The Mills Bomb was the standard hand grenade of the British Army throughout most of the 20th century
, so called because it was designed by a man called William Mills
of Birmingham, in 1915. The Mills Bomb was a 'pineapple-style' fragmentation
grenade, consisting of an explosive core around which was wrapped a thick, knobbly metal case; when the bomb exploded, the force of the explosion blew the case apart, sending shrapnel
in all directions. In an enclosed space - such as a trench dug-out - the mixture of supersonic metal fragments and concussion
Up until then the standard British hand grenade resembled an enlarged version of the WW2 German 'potato masher' - an explosive cylinder on the end of a long stick. These primitive grenades were awkward to use and manufacture, however, and they couldn't be fired from the end of a rifle.
The Mills Bomb, on the other hand, was small, could be held and used with one hand, and with a special attachment the grenade could be launched from a Lee-Enfield. William Mills designed the bomb in 1915, after a year and a half of increasingly desperate trench warfare had left the British Army in need of more effective grenade. There were never enough Mills Bombs to go around, however, and even at the end of WW1 the old-style grenades were still in use. Indeed, so short was the supply of grenades, and so handy were they, soldiers often took to improvising explosions with guncotton, biscuit tins, hobnails, stones and whatever came to hand. These improved devices were a danger to all concerned; conscious of the risk of accidental explosion, William Mills devised a clever ring-pull arrangement which is still used in hand grenades nowadays.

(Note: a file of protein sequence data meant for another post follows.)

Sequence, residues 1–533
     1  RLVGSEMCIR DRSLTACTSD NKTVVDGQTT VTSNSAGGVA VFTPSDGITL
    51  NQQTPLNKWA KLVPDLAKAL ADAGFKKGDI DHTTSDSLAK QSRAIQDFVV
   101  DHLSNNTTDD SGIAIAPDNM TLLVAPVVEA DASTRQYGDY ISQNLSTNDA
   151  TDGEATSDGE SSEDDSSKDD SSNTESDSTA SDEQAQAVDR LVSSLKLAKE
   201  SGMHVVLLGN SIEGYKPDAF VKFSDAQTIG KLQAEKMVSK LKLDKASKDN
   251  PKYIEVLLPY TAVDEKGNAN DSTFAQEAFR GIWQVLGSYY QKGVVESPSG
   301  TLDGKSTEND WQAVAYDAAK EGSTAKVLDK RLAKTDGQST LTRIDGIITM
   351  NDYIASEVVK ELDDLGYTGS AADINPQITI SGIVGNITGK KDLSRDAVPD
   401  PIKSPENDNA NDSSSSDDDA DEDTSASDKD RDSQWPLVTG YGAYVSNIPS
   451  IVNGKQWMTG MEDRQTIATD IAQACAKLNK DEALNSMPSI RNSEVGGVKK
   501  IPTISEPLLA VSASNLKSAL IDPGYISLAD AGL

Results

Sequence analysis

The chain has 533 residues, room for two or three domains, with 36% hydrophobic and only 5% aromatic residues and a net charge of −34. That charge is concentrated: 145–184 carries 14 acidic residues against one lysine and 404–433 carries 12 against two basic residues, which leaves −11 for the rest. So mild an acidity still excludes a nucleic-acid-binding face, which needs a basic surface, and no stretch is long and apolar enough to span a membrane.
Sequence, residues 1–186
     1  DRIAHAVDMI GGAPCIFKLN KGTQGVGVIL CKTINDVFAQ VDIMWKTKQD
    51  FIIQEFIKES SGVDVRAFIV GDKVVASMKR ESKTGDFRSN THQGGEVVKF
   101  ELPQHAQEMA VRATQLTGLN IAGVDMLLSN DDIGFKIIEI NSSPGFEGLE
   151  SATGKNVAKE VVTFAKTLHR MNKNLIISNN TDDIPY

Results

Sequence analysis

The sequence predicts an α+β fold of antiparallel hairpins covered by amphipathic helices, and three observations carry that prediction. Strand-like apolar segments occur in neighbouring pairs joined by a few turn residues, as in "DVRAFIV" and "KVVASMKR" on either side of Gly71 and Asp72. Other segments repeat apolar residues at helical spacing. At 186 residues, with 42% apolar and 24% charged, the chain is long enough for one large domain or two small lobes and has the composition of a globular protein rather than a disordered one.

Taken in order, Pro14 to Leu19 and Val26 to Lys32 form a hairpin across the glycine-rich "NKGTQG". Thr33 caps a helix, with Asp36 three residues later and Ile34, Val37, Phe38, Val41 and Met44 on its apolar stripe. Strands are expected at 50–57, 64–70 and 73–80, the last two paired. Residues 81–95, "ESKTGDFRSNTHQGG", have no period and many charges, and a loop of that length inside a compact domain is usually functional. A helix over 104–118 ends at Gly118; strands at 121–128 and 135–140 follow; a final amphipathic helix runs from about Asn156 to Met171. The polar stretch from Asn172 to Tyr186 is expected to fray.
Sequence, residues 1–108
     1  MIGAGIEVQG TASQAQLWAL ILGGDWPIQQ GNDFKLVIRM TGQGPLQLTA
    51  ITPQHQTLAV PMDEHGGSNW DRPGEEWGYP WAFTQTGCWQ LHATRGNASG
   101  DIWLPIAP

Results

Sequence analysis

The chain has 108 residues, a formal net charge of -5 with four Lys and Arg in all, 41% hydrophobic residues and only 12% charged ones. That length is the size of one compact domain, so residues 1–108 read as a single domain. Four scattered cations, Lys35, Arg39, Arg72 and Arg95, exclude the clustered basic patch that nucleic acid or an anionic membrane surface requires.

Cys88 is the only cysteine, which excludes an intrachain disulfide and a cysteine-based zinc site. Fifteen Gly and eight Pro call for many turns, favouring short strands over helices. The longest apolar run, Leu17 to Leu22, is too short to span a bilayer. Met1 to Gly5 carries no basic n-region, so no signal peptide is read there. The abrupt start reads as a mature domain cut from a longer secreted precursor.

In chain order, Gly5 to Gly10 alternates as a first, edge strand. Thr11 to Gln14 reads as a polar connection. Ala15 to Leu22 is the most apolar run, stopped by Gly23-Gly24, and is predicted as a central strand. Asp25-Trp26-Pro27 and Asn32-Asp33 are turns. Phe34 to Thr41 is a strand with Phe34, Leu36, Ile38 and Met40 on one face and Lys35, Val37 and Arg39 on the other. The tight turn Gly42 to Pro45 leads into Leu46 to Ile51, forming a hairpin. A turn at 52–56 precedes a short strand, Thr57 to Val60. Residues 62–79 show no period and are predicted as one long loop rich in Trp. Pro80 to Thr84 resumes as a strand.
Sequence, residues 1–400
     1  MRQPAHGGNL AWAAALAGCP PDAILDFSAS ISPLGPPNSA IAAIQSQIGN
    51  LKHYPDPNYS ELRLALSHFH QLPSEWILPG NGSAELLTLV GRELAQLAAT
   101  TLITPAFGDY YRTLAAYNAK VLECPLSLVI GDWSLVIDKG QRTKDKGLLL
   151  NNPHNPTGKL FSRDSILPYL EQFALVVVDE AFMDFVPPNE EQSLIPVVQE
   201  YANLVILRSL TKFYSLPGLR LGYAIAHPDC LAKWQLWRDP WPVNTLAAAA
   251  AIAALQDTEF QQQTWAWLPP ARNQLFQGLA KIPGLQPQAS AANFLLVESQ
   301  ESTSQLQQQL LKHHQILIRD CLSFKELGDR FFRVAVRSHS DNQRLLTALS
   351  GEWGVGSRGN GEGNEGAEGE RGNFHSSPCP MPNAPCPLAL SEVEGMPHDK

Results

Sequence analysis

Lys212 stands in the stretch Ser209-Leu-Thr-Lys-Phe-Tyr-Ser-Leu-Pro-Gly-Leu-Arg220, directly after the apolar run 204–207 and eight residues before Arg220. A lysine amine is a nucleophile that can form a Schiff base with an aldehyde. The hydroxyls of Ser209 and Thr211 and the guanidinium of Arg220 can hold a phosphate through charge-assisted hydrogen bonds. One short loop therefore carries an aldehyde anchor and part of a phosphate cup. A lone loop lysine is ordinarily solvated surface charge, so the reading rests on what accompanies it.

The Mills Bomb continued as the standard British grenade through World War 2 and into the mid-80s, by which time it was called the L2A2. In line with the rest of NATO, however, the British Army eventually replaced the Mills Bomb with a smaller, lighter grenade, the Swiss HG85, one designed with more emphasis on penetrating body armour. The Mills Bomb is now thought of as overkill, especially as the indiscriminate imprecision of grenades now has a much lesser role in warfare, at least in those conducted by the Anglosphere.
It's worth noting that, until WW2, the standard fuse on a Mills Bomb was seven seconds long, a length chosen in order for rifle-launched grenades to have time to fall back to earth. Unfortunately, this delay meant that it was relatively easy for enemy soldiers to throw the grenade back. The only way to prevent this was to pull the pin, wait, and then throw the grenade; but variations in manufacturing techniques and individual timekeeping made this risky. By WW2 the fuse was shortened to four seconds for grenades which were not intended to be launched from rifles. This made it almost impossible for the intended target to react to the grenade, but required diligence on the part of the quartermaster to avoid giving out rifle grenades to those not expecting them. The consequences of such a mistake would have been disastrous whatever substitution was performed.